How Pecking Order Problems Can Hurt Your Team’s Performance

 

 

Every organization wants to hire the best of the best, but research from Columbia Business School shows that teams with the most talent don’t always net the best results.

Professor Adam Galinsky, the Vikram S. Pandit Professor of Business at Columbia Business School, examined a variety of team-based situations — including egg-production in a chicken coop as well as 10 seasons of professional basketball and baseball — and concluded that when a team is filled with top-notch talent, overall performance actually goes down.

“If a team does not have a clear pecking order, status conflict and chaos emerges, and as a result the overall performance goes down because coordination goes down,” says Professor Galinsky. “Overall, our findings suggest that team coordination suffers when there is too much talent, because team members all try to be the alpha.”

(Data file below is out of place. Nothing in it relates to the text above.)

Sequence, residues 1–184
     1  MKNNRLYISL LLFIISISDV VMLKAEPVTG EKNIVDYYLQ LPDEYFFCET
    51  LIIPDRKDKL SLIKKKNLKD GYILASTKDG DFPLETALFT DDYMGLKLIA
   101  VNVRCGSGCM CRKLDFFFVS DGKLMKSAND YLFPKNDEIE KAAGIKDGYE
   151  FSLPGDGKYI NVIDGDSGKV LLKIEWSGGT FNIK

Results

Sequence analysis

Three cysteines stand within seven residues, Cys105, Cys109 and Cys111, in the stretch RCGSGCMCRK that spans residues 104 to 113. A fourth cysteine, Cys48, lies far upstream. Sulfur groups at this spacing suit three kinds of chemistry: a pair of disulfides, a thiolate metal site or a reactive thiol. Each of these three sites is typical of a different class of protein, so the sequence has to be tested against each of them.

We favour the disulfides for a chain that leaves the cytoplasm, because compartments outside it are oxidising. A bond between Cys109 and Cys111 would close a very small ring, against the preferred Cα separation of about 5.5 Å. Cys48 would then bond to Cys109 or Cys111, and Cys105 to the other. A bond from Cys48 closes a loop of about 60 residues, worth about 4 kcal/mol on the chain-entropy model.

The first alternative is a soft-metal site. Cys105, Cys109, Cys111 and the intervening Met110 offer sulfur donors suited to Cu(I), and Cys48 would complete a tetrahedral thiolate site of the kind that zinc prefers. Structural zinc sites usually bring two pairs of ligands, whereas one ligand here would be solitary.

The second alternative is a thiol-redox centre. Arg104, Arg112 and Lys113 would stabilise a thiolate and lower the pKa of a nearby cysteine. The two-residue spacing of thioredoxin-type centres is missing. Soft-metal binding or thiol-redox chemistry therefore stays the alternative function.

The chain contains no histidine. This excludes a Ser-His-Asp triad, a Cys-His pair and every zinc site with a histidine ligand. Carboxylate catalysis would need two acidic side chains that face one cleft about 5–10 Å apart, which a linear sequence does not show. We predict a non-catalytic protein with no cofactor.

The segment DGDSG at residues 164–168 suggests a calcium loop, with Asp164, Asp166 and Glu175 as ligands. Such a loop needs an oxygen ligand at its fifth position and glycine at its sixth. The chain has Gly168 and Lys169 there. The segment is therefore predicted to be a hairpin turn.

The takeaway for hiring managers is this:

  • If you have a team where members must join forces, such as a basketball team, then hiring a range of talent levels will generate the greatest success.
  • But if you have a team where individuals do not need to coordinate and are able to work individually, such as a baseball team, then hiring the best of the best is a great strategy.

Professor Galinsky elaborates on his conclusions and explains what you should consider before hiring for your team in this short video.

Adam Galinsky is the chair of the Management Division and the Vikram S. Pandit Professor of Business at the Columbia Business School. He teaches in the Advanced Management Program at Columbia Business School Executive Education.